CD Review: Pearl Jam


Pearl Jam
vs. and Vitalogy (Deluxe Edition)
By David Chiu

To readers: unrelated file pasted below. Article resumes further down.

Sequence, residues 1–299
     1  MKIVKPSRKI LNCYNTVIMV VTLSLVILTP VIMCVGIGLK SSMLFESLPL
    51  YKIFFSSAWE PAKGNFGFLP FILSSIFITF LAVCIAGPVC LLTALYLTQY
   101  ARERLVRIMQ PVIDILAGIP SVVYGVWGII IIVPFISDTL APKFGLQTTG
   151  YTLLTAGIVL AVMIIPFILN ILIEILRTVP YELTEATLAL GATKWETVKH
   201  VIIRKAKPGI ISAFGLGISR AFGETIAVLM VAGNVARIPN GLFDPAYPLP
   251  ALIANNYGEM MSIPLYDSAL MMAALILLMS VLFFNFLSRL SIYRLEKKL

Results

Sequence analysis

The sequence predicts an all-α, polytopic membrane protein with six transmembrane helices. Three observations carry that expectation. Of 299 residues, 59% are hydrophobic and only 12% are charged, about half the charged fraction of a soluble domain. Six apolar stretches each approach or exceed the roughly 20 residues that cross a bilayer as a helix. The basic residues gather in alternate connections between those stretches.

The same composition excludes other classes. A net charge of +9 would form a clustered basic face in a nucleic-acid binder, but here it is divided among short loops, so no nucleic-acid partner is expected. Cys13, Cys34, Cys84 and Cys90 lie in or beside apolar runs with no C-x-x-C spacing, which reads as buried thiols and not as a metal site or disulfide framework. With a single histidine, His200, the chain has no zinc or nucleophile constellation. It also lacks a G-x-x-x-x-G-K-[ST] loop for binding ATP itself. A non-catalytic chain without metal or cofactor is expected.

For that moment between 1992 and 1994, Pearl Jam was THE band, along with Nirvana, when grunge hit the mainstream. It seemed like after their debut Ten, whatever Pearl Jam put out at the time was like an event. That was certainly the case with vs., which became a smash hit right out of the gate. In a sense, vs. didn’t skip a beat stylistically or musically from Ten for its dynamic rockers such as “Go,” “Animal,” “Rearviewmirror” and “Glorified G,” along with the folksy “Daughter” and the acoustic “Elderly Woman Behind the Counter in a Small Town.” Like its predecessor, vs. was overall straight-ahead, flawless rock. Vitalogy, on the other hand, sounded at times freeform and trippy (i.e. “Aya Davanita,” “Stupidmop”)– notwithstanding the album’s popular tracks “Bettter Man,” the stirring “Tremor Christ,” and the eloquent ballad “Nothingman.” Vitalogy’s sound varied from the noisy rocker “Spin the Black Bottle” and the intense “Corduroy” to the experimental “Bugs” and “Pry, To.” Both of those albums have now just been reissued, each with  bonus tracks from the era—among them a cover of Victoria Williams’ “Crazy Mary” and an alternate take of “Corduroy.” This special deluxe edition packages the two albums along with a previously unreleased 1994 concert from the Orpheum Theater; aside performances of tracks from Pearl Jam’s first three albums, it also features a spirited cover of the Dead Boys’ “Sonic Reducer,” with a guest appearance by Mark Arm of Mudhoney.


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